Sermon for National Association Retired Police Officers 25th November

Ecclesiasticus 44 1-15

Let us now sing the praises of famous men, our ancestors in their generations. 2 The Lord apportioned to them* great glory, his majesty from the beginning. 3 There were those who ruled in their kingdoms, and made a name for themselves by their valour; those who gave counsel because they were intelligent;    those who spoke in prophetic oracles; 4 those who led the people by their counsels and by their knowledge of the people’s lore; they were wise in their words of instruction; 5 those who composed musical tunes,    or put verses in writing; 6 rich men endowed with resources, living peacefully in their homes— 7 all these were honoured in their generations, and were the pride of their times. 8 Some of them have left behind a name, so that others declare their praise. 9 But of others there is no memory; they have perished as though they had never existed; they have become as though they had never been born, they and their children after them. 10 But these also were godly men, whose righteous deeds have not been forgotten; 11 their wealth will remain with their descendants, and their inheritance with their children’s children.* 12 Their descendants stand by the covenants; their children also, for their sake. 13 Their offspring will continue for ever, and their glory will never be blotted out. 14 Their bodies are buried in peace, but their name lives on generation after generation. 15 The assembly declares* their wisdom, and the congregation proclaims their praise.

Ecclesiasticus was apparently written by Jesus, grandson of Sirach, sometime between 190 and 170 BC. He was a philosophical observer of life who lived in Jerusalem and was well versed in the Hebrew Scriptures and traditions. 

I suppose that after 30 years of being a police officer and now nearly 14 years retired and a member of NARPO I should really begin this talk with these immortal words from Police Sergeant Dixon of Dock Green, “evening-all

Many of my old colleagues ask me ‘so after being a copper how’d you end up a vicar?’, my only answer is to say, “God knows”, coz to be perfectly frank, even I don’t know. Suffice to say like all police officers, when the guvnors direct you to do something, as long as its legal, we just do what we’re told.

We tend to forget that being a police officer isn’t just a job, it’s still what we refer to as a vocation, it means we do it because we have a sense of community spirit, a sense of justice for all, a sense of helping others a sense of standing up for those who might not be able to stand up for themselves. That’s why it’s called the ‘thin blue line’, but by god that thin line seems to be getting thinner all the time doesn’t it.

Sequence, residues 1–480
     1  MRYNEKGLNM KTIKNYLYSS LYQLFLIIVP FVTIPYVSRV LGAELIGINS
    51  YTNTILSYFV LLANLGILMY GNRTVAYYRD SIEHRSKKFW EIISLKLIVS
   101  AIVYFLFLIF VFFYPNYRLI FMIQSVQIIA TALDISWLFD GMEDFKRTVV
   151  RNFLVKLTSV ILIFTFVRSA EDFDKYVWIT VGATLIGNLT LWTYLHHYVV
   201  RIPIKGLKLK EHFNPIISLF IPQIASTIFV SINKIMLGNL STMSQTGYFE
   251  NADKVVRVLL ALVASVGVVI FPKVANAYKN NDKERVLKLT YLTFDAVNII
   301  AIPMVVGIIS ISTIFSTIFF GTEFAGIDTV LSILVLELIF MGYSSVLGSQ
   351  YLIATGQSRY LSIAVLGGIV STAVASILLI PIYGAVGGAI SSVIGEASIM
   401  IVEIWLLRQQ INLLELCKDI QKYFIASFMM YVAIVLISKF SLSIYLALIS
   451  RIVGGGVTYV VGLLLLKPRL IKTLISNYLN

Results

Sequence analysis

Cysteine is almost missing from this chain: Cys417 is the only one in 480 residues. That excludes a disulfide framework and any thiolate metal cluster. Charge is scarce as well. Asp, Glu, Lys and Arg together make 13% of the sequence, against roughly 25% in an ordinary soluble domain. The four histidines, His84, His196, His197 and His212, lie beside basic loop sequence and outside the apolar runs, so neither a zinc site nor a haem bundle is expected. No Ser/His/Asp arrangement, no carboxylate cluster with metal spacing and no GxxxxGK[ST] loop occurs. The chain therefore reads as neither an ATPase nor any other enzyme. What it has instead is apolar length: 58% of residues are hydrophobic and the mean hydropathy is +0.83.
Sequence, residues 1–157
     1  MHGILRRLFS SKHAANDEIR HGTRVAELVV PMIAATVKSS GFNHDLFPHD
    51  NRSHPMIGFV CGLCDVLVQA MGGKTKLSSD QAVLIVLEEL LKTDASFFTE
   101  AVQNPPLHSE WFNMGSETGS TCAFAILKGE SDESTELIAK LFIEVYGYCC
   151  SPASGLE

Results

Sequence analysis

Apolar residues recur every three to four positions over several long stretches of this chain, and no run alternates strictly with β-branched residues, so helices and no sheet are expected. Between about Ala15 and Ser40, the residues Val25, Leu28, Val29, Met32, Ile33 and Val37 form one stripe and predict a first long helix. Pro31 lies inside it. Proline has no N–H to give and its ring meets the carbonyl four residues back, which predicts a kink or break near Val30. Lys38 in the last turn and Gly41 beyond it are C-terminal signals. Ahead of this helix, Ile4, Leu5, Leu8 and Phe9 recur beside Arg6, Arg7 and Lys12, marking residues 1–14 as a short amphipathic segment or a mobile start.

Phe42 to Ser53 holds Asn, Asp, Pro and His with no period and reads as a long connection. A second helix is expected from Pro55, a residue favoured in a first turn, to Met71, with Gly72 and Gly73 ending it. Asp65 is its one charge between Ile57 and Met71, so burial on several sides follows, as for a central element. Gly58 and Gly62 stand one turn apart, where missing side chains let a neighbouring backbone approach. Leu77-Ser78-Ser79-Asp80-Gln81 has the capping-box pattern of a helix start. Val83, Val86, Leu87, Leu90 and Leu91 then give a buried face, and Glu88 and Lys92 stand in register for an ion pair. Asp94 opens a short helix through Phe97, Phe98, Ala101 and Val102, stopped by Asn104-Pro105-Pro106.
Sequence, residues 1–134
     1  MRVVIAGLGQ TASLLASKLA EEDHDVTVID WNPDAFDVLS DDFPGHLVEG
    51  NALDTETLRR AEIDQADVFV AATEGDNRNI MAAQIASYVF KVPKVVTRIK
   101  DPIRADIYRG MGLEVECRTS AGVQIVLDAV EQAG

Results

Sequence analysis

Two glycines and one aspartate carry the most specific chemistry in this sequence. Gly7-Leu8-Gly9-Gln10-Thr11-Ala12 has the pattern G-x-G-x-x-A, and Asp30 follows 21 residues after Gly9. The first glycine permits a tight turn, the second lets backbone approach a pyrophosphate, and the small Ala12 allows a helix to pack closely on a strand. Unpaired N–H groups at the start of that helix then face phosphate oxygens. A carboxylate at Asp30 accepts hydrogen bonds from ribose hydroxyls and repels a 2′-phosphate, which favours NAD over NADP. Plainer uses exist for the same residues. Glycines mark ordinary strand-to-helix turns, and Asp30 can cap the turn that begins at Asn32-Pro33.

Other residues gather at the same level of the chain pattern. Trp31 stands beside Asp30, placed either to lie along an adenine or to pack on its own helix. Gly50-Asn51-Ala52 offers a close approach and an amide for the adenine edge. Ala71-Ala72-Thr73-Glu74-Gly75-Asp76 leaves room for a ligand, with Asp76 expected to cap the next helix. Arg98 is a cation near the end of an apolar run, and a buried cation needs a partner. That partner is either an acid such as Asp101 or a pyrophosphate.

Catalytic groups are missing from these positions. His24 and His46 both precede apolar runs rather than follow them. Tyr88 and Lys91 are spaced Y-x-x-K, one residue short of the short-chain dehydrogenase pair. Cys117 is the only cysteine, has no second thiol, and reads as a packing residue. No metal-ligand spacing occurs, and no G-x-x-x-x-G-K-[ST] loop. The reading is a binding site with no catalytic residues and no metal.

so how does that link with our purpose of being here today to remember the 190 Bedfordshire Police officers who served in the Great War of 1914-18, …….22 who gave their lives in that conflict and 168 who also served and came back, probably changed men. many probably with injuries, both physical and mental so much so that some died years later they returned home from the effects of the injuries they received.

I read the Bedfordshire police web page by Keith Jackson remembering some from the police service who served and as he said that details of the service history of some of those who died or served is still a mystery, but let me remind you of a bit from our reading today

10 But these also were godly men, whose righteous deeds have not been forgotten; 11 their wealth will remain with their descendants, and their inheritance with their children’s children.*

We might not know, but I firmly believe that ‘God Knows’.  All those officers are all know to God. I read somewhere many years ago that police officers were amongst the largest number of volunteers to answer the call up in 1914, those were the days before ‘reserved occupations’

Their sense of vocation and sense of justice and sense of protecting others would have perhaps been a deciding factor in their doing their duty for King & Country, perhaps they were used to being the thin blue line even then, and decided that they would join up and become the thin khaki line against the foe , continuing the sense of vocation from their civilian role into the military role to defend the country.

I would never use the phrase that they were ‘ordinary men’ who joined up, because every soldier then and now is an extraordinary person, when I was in the army I met many extraordinary men and women, when I was in the Metropolitan Police for 30 years I met many more.

Our soldiers are all men and women together doing extraordinary things standing between those who sought to invade and those who just wanted to live in peace at home.

The spirit of those extraordinary people still lives in the person of every man and woman who comes after them

the reading says 11 their wealth will remain with their descendants, and their inheritance with their children’s children. *

Their wealth is evident in the character of those who still seek the vocation of being a police officer, it is still evident in the purpose of preserving life and limb, it is still evident in the bravery of police officers who stand between the law breakers and those who are victims of crime, the prevention and detection of crime, you might say I’m being fanciful in saying that, but I bet you, there isn’t a copper out there who isn’t working their socks off to do their duty to the best of their ability and who knows, with proper funding and proper resourcing and with more officers, the police could well begin to beat the changing trends in crimes rather than playing catch-up all the time.